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NEW DELHI: The government has for the past several weeks maintained it cannot disclose the financial break-up of the Rs 59,000 crore (7.87 billion Euro) contract for 36 Rafale fighters due to a secrecy pact with France, but it had disclosed the cost per aircraft not long after the deal was signed in September 2016.
To a specific question on the cost per aircraft in the deal in Rajya Sabha on Monday, defence minister Nirmala Sitharaman in a written reply said, “As per ‘Article-10’ of the Inter-Governmental Agreement (IGA) between Government of India and Government of France on the purchase of Rafale aircraft, the protection of the classified information and material exchanged under IGA is governed by the provisions of the Security Agreement signed between the two nations in 2008.”
But junior minister for defence Subhash Bhamre, in a written reply to a question in Lok Sabha on November 18, 2016, had stated, “IGA with the Government of France has been signed on September 23, 2016, for purchase of 36 Rafale aircraft along with requisite equipment, services and weapons. The cost of each Rafale aircraft is approximately Rs 670 crore and all the aircraft will be delivered by April 2022.”
Though each jet may come for Rs 670 crore, the per unit cost zooms to almost Rs 1,640 crore if the overall deal is taken into account, which includes a deadly weapons package, all spares and costs for 75% fleet availability and performance-based logistics support for five years, among other things, as reported by TOI earlier.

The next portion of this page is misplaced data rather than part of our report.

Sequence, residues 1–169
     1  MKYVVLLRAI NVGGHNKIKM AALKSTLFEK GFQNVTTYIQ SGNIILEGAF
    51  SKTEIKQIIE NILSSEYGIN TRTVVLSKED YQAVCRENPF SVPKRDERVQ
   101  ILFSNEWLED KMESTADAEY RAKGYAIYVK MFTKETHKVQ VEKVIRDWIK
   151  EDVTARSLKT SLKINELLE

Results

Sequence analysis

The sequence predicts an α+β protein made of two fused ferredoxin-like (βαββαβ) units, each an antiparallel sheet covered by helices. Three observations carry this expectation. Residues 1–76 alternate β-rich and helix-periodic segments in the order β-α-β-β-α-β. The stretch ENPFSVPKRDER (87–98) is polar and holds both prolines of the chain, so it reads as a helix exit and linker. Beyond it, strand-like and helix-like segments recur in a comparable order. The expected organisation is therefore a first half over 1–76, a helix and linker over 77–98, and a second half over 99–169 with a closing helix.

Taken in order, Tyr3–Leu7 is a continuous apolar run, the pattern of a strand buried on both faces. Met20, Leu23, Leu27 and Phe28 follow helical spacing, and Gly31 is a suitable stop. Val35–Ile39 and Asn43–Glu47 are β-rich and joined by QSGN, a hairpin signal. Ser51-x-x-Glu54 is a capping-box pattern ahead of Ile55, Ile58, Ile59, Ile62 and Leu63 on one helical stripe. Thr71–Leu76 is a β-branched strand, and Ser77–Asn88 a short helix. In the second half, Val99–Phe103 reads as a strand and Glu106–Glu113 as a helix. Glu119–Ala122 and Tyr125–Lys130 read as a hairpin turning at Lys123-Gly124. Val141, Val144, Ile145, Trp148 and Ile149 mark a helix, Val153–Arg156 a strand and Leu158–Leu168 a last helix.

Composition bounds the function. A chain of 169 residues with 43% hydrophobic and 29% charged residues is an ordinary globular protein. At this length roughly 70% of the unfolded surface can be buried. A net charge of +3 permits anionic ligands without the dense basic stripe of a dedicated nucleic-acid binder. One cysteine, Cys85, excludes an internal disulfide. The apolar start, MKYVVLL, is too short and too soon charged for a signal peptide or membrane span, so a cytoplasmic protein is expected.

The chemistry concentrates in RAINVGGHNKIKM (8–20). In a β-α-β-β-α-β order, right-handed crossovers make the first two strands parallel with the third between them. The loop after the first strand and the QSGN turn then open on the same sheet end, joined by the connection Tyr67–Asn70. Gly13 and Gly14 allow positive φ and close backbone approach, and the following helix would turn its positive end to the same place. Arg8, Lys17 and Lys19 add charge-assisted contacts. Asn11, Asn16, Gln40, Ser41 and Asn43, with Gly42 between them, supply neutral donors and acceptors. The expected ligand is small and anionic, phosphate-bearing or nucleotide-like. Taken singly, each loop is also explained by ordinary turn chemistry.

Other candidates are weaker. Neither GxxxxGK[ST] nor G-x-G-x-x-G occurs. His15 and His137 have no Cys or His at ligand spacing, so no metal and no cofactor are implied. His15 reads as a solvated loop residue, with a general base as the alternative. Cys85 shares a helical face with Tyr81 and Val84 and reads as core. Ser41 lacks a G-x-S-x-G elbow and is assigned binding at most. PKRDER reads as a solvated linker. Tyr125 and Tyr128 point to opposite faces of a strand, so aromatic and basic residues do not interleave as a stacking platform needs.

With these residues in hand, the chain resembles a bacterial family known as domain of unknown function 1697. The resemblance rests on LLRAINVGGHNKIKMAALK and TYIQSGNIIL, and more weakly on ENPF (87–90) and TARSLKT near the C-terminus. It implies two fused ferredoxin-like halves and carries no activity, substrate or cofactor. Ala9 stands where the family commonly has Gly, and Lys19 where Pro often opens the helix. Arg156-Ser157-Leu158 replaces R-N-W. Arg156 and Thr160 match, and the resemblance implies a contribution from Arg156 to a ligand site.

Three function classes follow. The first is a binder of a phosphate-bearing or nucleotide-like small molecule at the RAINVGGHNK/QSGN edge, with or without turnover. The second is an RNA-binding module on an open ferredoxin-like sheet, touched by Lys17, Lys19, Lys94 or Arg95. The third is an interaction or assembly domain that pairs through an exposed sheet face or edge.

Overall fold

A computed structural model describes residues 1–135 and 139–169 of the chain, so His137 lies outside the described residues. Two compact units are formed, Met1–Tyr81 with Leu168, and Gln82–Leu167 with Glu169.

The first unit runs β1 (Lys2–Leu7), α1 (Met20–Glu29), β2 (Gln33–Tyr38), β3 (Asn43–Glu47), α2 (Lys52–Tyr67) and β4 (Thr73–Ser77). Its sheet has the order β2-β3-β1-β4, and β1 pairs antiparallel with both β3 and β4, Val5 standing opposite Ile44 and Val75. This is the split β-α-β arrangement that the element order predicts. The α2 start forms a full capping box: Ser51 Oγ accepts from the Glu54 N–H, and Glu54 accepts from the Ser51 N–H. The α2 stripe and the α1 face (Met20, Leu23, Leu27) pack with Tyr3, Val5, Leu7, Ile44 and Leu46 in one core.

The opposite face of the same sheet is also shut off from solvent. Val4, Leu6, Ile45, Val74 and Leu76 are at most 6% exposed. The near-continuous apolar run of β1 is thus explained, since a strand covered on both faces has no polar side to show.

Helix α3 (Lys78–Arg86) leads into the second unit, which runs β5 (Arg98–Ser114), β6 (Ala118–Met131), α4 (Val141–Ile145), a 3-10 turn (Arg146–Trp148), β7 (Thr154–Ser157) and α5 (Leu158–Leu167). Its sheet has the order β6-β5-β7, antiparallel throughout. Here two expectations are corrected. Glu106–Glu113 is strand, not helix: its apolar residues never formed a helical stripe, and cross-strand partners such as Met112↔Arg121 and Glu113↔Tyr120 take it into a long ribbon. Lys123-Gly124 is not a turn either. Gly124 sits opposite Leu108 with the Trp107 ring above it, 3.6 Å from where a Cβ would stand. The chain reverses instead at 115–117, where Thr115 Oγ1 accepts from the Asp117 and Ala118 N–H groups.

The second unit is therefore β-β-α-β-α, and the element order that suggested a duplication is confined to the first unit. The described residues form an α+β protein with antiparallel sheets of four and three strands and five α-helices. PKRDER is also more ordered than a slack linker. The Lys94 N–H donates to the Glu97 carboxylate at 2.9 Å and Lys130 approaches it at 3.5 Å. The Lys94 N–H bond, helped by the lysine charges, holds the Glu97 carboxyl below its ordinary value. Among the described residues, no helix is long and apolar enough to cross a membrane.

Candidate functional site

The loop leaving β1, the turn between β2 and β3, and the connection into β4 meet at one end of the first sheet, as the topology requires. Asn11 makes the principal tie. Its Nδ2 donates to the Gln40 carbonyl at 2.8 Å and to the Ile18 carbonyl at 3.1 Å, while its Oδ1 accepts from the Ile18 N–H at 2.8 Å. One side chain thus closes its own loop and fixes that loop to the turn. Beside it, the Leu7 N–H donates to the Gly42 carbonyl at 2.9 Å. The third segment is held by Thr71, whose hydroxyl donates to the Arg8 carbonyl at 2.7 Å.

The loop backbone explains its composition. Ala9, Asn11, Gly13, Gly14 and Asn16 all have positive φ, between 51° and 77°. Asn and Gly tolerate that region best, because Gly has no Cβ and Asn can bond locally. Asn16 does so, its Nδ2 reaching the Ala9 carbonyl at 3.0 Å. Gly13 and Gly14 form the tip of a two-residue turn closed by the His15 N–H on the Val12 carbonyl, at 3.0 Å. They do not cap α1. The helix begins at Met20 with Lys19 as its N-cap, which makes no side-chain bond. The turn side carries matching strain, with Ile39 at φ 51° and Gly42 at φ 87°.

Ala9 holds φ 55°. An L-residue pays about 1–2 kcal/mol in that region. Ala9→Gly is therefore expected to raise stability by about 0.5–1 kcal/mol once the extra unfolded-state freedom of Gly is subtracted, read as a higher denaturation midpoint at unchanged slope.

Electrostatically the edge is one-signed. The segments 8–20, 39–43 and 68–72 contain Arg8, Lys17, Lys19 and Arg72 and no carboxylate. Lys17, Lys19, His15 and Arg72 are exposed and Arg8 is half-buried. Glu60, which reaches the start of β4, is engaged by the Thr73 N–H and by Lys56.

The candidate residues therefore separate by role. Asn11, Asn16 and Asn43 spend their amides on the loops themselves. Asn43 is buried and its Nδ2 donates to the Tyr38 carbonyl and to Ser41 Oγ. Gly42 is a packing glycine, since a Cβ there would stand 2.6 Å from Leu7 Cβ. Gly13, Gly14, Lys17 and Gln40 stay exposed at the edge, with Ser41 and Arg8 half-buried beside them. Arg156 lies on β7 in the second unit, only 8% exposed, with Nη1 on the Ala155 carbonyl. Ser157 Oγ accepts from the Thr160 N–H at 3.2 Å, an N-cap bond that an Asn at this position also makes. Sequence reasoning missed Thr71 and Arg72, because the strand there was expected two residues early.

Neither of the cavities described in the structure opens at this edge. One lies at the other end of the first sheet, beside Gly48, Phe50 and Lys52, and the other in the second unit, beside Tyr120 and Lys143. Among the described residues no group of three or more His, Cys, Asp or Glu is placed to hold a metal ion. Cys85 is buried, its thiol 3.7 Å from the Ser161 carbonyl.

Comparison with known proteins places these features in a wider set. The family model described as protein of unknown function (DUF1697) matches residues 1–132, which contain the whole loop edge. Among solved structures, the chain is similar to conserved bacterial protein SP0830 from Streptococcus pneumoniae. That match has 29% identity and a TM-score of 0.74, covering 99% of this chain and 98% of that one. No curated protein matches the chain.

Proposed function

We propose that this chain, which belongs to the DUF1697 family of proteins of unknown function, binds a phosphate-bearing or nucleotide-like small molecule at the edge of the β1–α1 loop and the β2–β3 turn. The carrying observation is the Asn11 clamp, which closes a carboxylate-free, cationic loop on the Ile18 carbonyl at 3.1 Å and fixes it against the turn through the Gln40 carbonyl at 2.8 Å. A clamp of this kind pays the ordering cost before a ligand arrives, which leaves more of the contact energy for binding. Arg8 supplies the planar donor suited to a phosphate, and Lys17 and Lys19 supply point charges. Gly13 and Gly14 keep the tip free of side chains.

The Congress has alleged since late last year that the “non-transparent” deal was vastly overpriced and violated defence procurement procedures, while also favouring the Anil Ambani-promoted Reliance Defence.
Reliance Defence has tied up with Rafale-manufacturer Dassault Aviation for a joint venture in India to execute the 50% offsets mandated under the mega fighter contract. Both the government and Reliance have strongly denied the allegations.
Sitharaman in Parliament has stated that her government ensured “a better price” for the jets as compared to the 126-fighter project that was being negotiated by the previous UPA regime. But she also admitted the two deals “cannot be directly compared” because the “deliverables” are significantly different in them.
Under the MMRCA (medium multi-role combat aircraft) project which was being negotiated by the UPA, 18 Rafales were to come in flyaway condition, with the rest 108 being licensed produced in India with transfer of technology (ToT).
But the negotiations remained hopelessly deadlocked, leading the NDA government to finally scrap the entire process in June 2015. The government subsequently went in for direct acquisition of 36 Rafales, without any transfer of technology, to meet the “critical operational necessity” of the IAF, which was down to just 33 fighter squadrons when at least 42 are required to take on the “collusive threat” from China and Pakistan.